The British Horse Society
Uploaded to Knowledge Centre
28 June 2023
Evaluation of a video-based intervention, designed to improve drivers’ attitudes towards horse riders and cyclists, has shown it to be effective in the short term.
The British Horse Society (BHS) and Cycling UK created four videos (two focused on cyclists and two on horse riders) with the aim of increasing the empathy that drivers have for these road users.
Each video told an emotive story about a main protagonist. In three cases the story focused on their stressful jobs and how horse riding or cycling allowed them to destress.
The fourth video focused on a father who was concerned about the safety of his children while cycling.
The Road Safety Trust provided funding to the BHS to evaluate the effectiveness of these videos in evoking attitudinal change towards horse riders and cyclists.
The evaluation, carried out by researchers from Nottingham Trent University, concluded that the videos ‘can change explicit attitudes and intended passing behaviours in a group of drivers, at least in the short term’. The researchers recommend a longer term study to assess how long these positive effects last for.
How did the evaluation work?
Two surveys were set up, one focused on equestrian riders and the other on cyclists, with respondents (drivers) randomly allocated to one of the surveys.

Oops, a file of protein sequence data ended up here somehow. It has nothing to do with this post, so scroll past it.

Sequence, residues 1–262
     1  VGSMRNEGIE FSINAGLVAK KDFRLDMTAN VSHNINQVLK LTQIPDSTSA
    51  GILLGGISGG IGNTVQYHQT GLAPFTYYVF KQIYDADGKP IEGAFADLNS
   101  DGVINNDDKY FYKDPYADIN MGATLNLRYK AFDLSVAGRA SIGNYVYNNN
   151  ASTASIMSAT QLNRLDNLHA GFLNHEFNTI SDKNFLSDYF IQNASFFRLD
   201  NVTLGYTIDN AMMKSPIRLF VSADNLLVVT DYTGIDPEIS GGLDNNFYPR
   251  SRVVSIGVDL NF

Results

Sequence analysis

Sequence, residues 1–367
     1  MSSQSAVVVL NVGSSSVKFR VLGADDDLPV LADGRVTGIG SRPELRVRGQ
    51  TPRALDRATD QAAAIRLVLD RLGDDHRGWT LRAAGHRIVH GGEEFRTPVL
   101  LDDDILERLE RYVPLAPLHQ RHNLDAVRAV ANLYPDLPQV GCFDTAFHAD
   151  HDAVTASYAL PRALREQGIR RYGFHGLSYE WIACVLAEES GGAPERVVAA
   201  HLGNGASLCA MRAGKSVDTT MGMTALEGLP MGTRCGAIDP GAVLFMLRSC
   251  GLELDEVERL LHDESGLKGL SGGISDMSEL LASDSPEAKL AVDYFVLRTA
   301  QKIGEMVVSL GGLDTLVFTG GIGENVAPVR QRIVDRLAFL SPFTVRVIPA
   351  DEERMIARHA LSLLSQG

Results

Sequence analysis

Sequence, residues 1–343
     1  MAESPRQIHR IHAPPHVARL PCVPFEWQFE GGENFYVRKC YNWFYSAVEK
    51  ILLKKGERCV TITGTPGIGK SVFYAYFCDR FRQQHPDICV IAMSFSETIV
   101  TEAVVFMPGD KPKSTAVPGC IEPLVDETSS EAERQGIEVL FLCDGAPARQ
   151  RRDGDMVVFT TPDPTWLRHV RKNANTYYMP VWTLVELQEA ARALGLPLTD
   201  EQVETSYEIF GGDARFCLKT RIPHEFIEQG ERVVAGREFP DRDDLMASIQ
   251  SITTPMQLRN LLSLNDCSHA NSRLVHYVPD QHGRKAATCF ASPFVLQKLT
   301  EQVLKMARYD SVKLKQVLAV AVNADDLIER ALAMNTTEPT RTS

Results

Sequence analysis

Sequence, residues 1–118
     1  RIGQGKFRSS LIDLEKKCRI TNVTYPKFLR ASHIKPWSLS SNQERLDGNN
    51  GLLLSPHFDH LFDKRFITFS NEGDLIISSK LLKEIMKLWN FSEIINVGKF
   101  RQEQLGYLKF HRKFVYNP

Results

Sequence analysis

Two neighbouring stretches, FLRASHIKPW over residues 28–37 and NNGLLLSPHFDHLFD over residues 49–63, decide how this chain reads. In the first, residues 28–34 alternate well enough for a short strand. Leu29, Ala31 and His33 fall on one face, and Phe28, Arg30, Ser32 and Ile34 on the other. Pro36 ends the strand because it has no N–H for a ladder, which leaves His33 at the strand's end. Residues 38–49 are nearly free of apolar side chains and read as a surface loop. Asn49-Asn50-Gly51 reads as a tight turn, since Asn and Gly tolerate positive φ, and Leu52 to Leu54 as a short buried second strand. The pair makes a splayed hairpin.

The horse rider survey required participants to answer explicit attitude questions (towards both horse riders and cyclists), and two passing behaviour questions (how much distance is safe to leave when overtaking a horse, and what is the maximum safe speed to pass?).
Respondents watched either the two horse-focused videos, or a control video that had nothing to do with horses or bicycles. Following this, respondents again answered the attitude and passing behaviour questions. Finally, respondents answered feedback questions about the quality and effectiveness of the videos.
The process was very similar for participants who were allocated to the cyclist survey. They were asked the same explicit attitude questions, but their passing behaviour questions specifically targeted attitudes to, and behaviours around, cyclists.
In both cases, the intervention group (who watched either the equestrian or cyclist videos) reported improved attitudes following the intervention. These improvements were significantly greater than any changes that occurred in the respective control groups.
Regarding passing behaviours, the intervention group indicated a larger distance required to be safe when overtaking a horse rider or cyclist after watching the videos. They also reported that they would overtake a horse or cyclist at a lower speed.
Free-response comments from individuals revealed an appreciation for the personal stories and a confirmation that these videos would lead to changes in their behaviour. There were, however, a small number of comments that showed some participants to be set in their ways in terms of blaming vulnerable road users (especially cyclists) for the dangers that they face on the road.
To read the full report, visit the project page on The Road Safety Trust website.